By WHITNEY BERMES for the Ravalli Republic | Dec 27, 2010
Calling it an investment in the community, Ravalli County commissioners voted Monday to allocate $80,000 to the Sapphire Community Medical Center.
"I do think it is an appropriate action for county government to partner in this fashion," said Commissioner Jim Rokosch. "I look at this as an investment in the community as opposed to either a gift or a grant or a way to spend money. ...The return on that investment can happen and will happen threefold."
The commissioners approved the spending for the sliding-scale primary care center with a 3-2 margin. Outgoing commissioners Rokosch, Kathleen Driscoll and Carlotta Grandstaff voted in favor, while chairman Greg Chilcott and J.R. Iman cast the dissenting votes.
"It is in the county's responsibility to partner with its citizens to provide the most core service that exists," said Grandstaff, who is one of Sapphire's three founders.
The money, which was to be given to Sapphire in full on Monday, will help the Hamilton center during a $100,000 budget shortfall projected for July and August of next year. It will come out of the county's Payment in Lieu of Taxes reserves, which currently has about $388,000.
Iman disagreed with Rokosch, saying that this money is "100 percent a gift."
"It's never been presented to anyone else," Iman said. "In this room today, your only partner and your entire need will be satisfied in one fell swoop. ... That's not the way I do business in my personal life, that's not the way I do business in my public life. That's not the way I believe taxpayers' money should be committed."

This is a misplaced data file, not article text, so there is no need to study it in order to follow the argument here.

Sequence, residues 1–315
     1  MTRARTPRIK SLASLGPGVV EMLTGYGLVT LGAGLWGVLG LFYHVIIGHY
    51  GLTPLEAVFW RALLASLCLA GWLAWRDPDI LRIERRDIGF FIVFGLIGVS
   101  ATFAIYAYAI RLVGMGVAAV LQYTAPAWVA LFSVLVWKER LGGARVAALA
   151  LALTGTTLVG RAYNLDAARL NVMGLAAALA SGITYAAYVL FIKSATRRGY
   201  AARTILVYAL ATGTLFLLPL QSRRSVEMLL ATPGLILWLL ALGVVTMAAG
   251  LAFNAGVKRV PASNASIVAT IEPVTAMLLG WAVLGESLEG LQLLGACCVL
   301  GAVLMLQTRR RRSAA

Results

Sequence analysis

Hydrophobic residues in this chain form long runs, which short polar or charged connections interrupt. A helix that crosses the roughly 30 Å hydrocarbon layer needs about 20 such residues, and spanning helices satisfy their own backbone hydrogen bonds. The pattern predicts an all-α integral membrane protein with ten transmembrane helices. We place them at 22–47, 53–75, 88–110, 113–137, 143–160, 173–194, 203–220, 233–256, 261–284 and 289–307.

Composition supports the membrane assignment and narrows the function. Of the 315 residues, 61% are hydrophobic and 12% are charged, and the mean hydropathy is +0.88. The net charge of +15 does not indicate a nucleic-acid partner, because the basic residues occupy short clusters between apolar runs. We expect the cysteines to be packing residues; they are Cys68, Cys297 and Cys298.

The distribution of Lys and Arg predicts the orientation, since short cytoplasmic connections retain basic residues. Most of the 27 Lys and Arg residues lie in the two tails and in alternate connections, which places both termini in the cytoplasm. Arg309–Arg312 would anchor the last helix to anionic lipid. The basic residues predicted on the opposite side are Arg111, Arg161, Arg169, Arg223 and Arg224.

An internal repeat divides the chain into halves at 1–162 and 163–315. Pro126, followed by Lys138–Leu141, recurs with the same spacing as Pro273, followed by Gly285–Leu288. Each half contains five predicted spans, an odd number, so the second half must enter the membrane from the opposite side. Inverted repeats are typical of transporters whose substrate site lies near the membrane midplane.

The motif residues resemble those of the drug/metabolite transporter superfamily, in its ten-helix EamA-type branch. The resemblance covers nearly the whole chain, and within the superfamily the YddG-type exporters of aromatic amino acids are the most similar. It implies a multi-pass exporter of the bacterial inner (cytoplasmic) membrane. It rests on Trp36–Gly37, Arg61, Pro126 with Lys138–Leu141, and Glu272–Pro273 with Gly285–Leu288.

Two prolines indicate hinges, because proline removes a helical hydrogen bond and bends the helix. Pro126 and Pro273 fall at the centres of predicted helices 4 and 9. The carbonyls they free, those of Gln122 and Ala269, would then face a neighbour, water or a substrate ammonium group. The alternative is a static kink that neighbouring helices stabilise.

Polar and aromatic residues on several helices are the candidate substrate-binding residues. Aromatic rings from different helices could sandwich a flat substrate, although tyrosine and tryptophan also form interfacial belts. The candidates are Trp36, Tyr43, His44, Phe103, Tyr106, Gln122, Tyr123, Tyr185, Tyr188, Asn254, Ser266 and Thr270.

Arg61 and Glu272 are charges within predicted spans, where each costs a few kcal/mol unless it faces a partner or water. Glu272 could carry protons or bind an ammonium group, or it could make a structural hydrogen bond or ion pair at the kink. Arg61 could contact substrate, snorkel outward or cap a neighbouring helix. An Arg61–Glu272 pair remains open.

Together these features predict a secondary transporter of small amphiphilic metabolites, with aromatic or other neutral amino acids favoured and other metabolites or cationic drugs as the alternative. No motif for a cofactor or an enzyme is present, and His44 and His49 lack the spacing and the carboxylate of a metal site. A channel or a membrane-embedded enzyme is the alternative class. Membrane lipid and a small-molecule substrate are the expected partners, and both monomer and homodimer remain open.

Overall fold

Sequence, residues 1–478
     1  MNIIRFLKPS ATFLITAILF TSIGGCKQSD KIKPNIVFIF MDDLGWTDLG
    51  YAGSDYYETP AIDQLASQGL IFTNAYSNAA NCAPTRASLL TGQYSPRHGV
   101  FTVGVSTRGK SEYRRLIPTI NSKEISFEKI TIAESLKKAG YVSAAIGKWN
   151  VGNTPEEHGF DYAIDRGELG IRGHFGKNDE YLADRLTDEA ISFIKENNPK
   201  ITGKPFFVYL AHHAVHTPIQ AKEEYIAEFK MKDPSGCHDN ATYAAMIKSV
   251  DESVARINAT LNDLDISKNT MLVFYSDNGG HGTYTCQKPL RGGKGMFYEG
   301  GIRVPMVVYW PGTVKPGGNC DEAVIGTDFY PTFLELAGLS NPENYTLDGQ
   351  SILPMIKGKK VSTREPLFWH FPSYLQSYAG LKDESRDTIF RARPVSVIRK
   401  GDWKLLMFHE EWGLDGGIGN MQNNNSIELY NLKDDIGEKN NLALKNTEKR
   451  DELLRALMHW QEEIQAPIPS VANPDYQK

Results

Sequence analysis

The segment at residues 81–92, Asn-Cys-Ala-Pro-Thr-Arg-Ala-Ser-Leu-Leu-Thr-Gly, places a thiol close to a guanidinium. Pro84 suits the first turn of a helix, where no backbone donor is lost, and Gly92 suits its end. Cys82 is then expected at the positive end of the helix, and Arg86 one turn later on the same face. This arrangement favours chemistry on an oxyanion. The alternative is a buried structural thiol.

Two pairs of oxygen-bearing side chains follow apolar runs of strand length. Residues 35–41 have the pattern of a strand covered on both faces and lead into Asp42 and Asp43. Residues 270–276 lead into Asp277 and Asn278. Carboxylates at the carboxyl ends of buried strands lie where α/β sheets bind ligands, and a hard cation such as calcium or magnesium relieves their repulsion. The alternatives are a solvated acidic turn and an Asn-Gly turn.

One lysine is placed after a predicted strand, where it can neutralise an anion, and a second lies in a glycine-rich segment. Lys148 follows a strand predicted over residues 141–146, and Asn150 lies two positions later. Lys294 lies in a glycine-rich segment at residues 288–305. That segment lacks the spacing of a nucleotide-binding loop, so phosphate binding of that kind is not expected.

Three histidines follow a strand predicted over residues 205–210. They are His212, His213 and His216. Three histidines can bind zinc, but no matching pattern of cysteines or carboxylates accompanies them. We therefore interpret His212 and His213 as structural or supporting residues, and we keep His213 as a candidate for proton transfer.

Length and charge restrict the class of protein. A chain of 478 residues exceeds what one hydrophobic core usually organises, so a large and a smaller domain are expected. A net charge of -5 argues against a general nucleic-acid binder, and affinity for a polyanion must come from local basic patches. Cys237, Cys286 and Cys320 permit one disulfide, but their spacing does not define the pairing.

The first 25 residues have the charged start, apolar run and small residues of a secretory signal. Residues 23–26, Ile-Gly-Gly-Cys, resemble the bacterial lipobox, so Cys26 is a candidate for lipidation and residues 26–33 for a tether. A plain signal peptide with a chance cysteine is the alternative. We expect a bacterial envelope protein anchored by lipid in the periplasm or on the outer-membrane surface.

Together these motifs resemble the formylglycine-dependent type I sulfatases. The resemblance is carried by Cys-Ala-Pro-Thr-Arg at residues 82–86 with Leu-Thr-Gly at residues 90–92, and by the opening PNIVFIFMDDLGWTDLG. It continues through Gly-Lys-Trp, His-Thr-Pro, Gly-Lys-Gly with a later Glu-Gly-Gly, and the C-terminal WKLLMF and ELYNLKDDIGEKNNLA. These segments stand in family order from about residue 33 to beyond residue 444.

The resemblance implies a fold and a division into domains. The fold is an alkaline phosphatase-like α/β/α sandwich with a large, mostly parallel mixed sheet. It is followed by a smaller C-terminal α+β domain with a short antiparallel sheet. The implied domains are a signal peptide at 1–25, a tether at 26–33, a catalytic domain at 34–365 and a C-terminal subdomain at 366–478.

Chilcott's biggest concern was the cost, saying he doesn't think the county is in a financial position to take on another large expense. He said he would like to see more options explored, like approaching city councils as well as Marcus Daily Hospital to help fund the center.
"It's not a statement about what you folks are doing," Chilcott told Sapphire representatives, "it's a statement of our checkbook."
At a meeting last week, the commission asked Sapphire to come up with a contract.
County attorney Karen Mahar along with Sapphire CEO Janet Woodburn and executive director Jim Morton then drafted a contract which enumerates Sapphire's scope of services along with an agreement that Sapphire uses money from the county to help fund those services.
Sue Mitchell, another Sapphire founder, spoke at Monday's meeting of the need for affordable health care in Ravalli County, saying that people who have jobs can't necessarily pay for insurance.
"You would be amazed and stunned by the people who do not have health care or are insufficiently insured," Mitchell said.
Incoming Commissioner Matt Kanenwisher spoke against the spending during public comment, saying that there are a lot more problems facing health care than just uninsured patients.
"Is the county responsible to solve that problem?" Kanenwisher said. "What financial shape is the county in?"
Reach reporter Whitney Bermes at 363-3300 or firstname.lastname@example.org.